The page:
Social Media and Open Data to Quantify the Effects of Noise on Health

Gasco Sánchez, Luis and Schifanella, Rossano and Aiello, Luca Maria and Quercia, Daniele and Asensio Rivera, César and Arcas Castro, Guillermo de (2020). Social Media and Open Data to Quantify the Effects of Noise on Health. "Frontiers in Sustainable Cities", v. 2 (n. 41); pp. 1-13. ISSN 2624-9634. https://doi.org/10.3389/frsc.2020.00041.

Description

Title: Social Media and Open Data to Quantify the Effects of Noise on Health
Author/s:
  • Gasco Sánchez, Luis
  • Schifanella, Rossano
  • Aiello, Luca Maria
  • Quercia, Daniele
  • Asensio Rivera, César
  • Arcas Castro, Guillermo de
Item Type: Article
Título de Revista/Publicación: Frontiers in Sustainable Cities
Date: September 2020
ISSN: 2624-9634
Volume: 2
Subjects:
Freetext Keywords: noise; health; Flickr; hypertension; social media; city
Faculty: E.T.S.I. Industriales (UPM)
Department: Ingeniería Mecánica
Creative Commons Licenses: Recognition - No derivative works - Non commercial

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Abstract

Noise is considered the second factor after air pollution to impact citizens' health and well-being in densely populated urban areas, as it takes a heavy toll on the health of the circulatory and nervous systems. Traditionally, research on urban noise was conducted through surveys with a limited temporal and spatial coverage, and focused on a subset of the wide spectrum of sounds sources present in an urban environment. To overcome these limitations, we use geo-referenced social media images from Flickr to characterize the soundscape of London at scale. We build a model that uses socioeconomic variables, official noise exposure levels, and the soundscape estimated from social media to predict at area level the prevalence of hypertension—a cardiovascular condition that is widely studied in connection to high noise exposure. We consistently observe that socioeconomic variables, such as age, gender, and income, play an important role in explaining hypertension rates. Official noise exposure levels add a relatively limited contribution in predicting the health outcome. On the contrary, the social media soundscape information considerably improves the model performance. This result speaks to the value of integrating social media data into strategic noise maps for enhancing their predictive power; it also hints at the fact that the presence (or absence) of specific types of sounds might be a better indicator of hypertension prevalence than noise levels themselves.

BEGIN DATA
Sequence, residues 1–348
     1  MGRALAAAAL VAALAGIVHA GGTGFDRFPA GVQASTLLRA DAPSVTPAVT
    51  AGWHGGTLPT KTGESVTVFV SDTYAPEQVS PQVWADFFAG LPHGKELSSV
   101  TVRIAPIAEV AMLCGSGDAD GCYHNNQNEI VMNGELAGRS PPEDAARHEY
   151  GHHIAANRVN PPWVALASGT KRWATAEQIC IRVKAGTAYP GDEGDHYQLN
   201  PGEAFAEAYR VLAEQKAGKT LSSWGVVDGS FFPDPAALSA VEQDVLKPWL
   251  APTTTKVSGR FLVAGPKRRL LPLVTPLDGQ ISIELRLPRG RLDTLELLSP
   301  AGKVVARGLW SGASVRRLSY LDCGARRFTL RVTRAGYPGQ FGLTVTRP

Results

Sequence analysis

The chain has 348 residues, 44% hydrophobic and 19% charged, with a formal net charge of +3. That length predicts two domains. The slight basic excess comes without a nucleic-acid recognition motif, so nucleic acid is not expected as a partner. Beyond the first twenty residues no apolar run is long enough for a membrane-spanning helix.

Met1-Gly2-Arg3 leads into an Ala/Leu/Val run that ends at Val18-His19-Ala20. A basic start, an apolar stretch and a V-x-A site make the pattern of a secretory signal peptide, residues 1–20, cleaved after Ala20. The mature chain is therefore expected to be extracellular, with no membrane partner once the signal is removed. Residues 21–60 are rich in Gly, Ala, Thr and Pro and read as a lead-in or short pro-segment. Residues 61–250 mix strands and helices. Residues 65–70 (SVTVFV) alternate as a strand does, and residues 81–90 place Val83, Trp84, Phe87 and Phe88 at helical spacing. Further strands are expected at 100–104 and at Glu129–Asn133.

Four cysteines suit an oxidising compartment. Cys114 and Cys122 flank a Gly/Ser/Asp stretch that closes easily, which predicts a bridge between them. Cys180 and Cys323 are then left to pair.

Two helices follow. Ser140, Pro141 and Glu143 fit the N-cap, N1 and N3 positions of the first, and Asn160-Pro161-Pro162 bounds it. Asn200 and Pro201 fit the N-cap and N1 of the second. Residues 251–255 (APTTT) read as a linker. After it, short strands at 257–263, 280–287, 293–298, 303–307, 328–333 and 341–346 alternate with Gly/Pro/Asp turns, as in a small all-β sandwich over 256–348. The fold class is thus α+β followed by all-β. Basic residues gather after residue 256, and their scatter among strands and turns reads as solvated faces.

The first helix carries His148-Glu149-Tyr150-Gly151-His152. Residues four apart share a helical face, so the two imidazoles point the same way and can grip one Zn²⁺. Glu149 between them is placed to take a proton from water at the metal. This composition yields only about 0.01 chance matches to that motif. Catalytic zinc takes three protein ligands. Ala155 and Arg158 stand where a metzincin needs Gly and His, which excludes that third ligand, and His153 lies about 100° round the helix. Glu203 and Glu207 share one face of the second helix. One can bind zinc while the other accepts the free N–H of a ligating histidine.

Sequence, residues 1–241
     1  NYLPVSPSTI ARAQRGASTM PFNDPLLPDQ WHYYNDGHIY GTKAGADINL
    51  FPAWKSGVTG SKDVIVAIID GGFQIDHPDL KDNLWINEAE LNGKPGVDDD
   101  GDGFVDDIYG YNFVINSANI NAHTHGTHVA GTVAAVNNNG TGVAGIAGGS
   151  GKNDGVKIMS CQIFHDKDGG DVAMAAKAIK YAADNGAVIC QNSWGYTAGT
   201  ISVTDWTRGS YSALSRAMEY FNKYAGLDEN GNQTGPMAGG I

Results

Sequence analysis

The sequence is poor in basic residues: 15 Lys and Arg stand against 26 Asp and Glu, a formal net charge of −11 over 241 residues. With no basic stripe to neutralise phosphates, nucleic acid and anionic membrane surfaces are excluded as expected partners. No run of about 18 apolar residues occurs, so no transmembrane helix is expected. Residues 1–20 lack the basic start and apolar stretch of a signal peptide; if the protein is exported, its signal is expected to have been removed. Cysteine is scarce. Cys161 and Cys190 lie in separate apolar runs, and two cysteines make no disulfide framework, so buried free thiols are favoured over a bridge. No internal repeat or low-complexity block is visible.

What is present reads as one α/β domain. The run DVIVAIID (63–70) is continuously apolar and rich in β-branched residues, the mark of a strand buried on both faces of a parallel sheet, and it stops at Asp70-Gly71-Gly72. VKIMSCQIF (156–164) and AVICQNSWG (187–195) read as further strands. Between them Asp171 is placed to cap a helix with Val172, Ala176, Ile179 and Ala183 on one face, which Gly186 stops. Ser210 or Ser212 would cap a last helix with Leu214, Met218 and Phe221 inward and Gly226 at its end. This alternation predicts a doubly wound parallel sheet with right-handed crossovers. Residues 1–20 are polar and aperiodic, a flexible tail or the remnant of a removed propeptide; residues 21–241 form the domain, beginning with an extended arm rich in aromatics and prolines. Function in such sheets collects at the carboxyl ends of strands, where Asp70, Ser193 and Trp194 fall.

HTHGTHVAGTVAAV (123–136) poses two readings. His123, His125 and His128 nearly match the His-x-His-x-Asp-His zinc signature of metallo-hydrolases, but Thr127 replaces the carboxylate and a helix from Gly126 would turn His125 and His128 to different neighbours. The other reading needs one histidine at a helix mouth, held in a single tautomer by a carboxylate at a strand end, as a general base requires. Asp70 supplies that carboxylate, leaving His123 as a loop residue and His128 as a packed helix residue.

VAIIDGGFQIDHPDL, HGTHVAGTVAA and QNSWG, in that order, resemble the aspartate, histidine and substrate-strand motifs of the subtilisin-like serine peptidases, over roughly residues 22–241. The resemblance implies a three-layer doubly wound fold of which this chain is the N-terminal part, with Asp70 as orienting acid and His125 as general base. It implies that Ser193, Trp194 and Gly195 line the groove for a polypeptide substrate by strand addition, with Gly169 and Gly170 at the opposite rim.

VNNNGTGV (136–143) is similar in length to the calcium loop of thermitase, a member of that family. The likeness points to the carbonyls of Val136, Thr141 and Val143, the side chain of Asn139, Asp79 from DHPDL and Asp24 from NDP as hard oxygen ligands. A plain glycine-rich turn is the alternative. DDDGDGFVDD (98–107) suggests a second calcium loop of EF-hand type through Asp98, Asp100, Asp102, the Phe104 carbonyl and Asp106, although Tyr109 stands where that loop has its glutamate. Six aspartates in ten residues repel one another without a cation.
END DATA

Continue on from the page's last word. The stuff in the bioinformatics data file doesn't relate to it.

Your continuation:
More information

Item ID: 64001
DC Identifier: http://oa.upm.es/64001/
OAI Identifier: oai:oa.upm.es:64001
DOI: 10.3389/frsc.2020.00041
Official URL: https://www.frontiersin.org/articles/10.3389/frsc.2020.00041/full
Deposited by: Memoria Investigacion
Deposited on: 25 Sep 2020 15:57
Last Modified: 25 Sep 2020 15:57
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